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In order to know the distance between two points we have to perform the Pythagorean Theorem which is:

Where a and b are the legs of the triangle and c is the hypotenuse (the longest side). Take note that this theorem only works on right triangles. We use this theorem since the distance between two points is the altitude of the hypotenuse.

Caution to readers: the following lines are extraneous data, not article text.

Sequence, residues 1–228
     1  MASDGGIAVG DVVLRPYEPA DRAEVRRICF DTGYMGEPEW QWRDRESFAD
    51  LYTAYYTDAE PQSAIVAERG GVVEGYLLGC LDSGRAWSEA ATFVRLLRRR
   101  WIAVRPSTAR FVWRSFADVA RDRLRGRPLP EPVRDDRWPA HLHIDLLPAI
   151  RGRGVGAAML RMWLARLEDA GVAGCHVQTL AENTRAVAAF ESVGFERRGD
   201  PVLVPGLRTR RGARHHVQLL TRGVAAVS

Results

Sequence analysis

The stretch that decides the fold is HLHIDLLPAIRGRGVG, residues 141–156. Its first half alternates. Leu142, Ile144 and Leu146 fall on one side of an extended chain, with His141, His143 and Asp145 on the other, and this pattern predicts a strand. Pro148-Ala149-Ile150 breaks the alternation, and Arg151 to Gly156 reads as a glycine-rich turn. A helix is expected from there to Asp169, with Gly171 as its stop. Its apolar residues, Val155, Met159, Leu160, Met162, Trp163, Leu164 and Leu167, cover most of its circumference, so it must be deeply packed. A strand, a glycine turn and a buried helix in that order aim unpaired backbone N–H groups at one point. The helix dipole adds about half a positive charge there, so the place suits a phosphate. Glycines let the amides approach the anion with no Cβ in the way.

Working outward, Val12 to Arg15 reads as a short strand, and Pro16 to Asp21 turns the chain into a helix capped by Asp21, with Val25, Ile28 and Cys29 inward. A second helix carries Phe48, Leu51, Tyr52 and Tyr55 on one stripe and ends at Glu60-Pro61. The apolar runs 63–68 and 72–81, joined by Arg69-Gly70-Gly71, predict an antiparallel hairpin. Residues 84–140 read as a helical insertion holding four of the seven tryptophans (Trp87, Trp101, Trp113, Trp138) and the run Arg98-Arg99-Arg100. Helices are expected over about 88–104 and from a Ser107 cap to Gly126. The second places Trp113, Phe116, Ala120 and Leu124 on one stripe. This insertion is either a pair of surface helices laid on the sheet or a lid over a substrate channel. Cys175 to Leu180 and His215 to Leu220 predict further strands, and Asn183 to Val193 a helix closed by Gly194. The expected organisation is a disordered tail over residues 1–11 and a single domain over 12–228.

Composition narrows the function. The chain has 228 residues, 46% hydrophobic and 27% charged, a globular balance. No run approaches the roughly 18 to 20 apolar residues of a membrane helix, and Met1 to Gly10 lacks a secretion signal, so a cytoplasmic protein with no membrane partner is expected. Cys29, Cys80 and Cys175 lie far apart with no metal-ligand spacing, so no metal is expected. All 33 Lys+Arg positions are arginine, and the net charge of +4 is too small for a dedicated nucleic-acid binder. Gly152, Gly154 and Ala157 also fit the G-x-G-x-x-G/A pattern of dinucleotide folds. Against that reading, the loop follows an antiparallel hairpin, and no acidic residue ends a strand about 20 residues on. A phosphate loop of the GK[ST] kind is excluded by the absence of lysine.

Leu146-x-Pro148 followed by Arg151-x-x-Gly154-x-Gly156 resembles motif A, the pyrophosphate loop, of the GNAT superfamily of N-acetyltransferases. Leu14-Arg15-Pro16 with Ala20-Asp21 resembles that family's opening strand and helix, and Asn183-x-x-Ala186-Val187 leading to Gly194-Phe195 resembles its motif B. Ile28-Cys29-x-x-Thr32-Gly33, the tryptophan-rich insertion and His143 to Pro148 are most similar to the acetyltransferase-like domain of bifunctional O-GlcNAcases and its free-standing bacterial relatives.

Since we are given two points we let the coordinates be as follows:
(x_a,y_a)=(1,3) \\ (x_b,y_b)=(-5,-5)

The Pythagorean Theorem in the Cartesian plane is :

Without loss of Generality (WLOG) we let the leg a's altitude be the horizontal length and leg b's be the vertical length. Substituting the values we get:
c^2=(1-(-5))^2+(3-(-5))^2 \\ =6^2+8^2 \\ =36+64 \\ =100

The altitude of c would be the square root of 100 which is either positive 10 or negative 10 so since the distance between two points can never be negative their distance is 10.